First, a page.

'Hide the Decline' Global Warming Video Creator Says Mann Backlash Effort to 'Cleanup' ClimateGate Indiscretion
If you try to sweep your problems under the rug, they'll go away, right? Michael Mann, a Penn State professor and a central figure in the Climategate scandal and best known for his "hockey stick graph" hopes so.
On Fox News Channel's April 28 broadcast of "Your World with Neil Cavuto," Elmer Beauregard of Minnesotans for Global Warming appeared to explain the reasoning behind a video that drew the ire Mann. The video mocked the Penn State professor's alleged attempt to cover up data from tree rings that would indicate there was no global warming.
"Well, I don't know if you remember, but last fall, Obama was pushing the no cap-and-trade to go through the Senate because he wanted to have something to bring to Copenhagen," Beauregard said. "And just then Climategate broke and the mainstream press really wasn't covering it, so the coalition got together and we tried to think of a way to kind of bring this into the forefront of the American public. And I said I could make a funny YouTube video. And so, I did it to the tune of ‘Draggin' the Line' by Tommy James and The Shondells and put it up on YouTube and it went viral. And then Rush [Limbaugh] played it on his show and it went supernova."
Original "Hide the Decline" Video Below Fold
Jeff Davis of the No Cap & Trade Coalition, an organization that partnered Minnesotans for Global Warming, explained they created a second version of the video to appease Mann for the time being.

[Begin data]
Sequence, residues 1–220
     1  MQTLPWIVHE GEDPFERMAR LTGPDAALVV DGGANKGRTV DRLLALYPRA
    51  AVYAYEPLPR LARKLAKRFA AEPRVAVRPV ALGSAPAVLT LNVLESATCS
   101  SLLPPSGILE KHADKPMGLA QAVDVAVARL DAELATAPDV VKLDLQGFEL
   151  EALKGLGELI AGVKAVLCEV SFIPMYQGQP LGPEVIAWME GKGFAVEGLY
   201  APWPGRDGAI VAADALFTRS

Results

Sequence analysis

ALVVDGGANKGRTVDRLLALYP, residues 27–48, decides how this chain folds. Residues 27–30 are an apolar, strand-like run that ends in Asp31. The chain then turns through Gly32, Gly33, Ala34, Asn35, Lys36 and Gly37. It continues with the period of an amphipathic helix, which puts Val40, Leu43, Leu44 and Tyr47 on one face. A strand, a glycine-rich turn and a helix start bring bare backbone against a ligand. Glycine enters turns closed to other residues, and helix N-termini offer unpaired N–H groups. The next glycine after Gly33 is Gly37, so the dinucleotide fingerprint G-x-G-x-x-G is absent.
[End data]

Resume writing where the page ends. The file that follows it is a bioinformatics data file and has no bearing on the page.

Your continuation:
"We started a coalition, a national coalition to fight cap and trade back last fall," Davis said. "Minnesotans for Global Warming is part of that coalition. In order to kind of comply with Dr. Mann's letter, what we did is introduced a new version of ‘Hide the Decline,' ‘Hide the Decline, II,' which removes his imagine from the Penn State Web site, which he was so concerned about."
Cavuto asked Beauregard if he expected this sort of response, which he didn't. However, Beauregard explained he thought this was instead part of the cover up to downplay the Climategate scandal.
"No, not really. I just -- well, it was -- it's a little YouTube video," Beauregard said. "But I think what it did actually help is bring the Climategate scandal into the forefront and I think that now that Michael Mann has been exonerated they did an internal investigation at Penn State and I think that they're trying to cleanup the Climategate mess and they're just scouring the Internet. There's this little pesky video on YouTube and I think that's the reason he wanted to get rid of it."
And as Davis explained, although they used Mann's image in the original video, they also used his own data to mock him.
"I mean the whole video is based upon a -- a statement out of one of the e-mails in Climategate, which is hiding decline," Davis said. "You know, I mean we're using their own data to basically mock their findings. So, I think Neil that the key question that's at the heart of this controversy is whether this video defines or defames Dr. Mann. And on our Web site at NoCapAndTrade.com, we've got a white paper that addresses that question and readers can decide for themselves."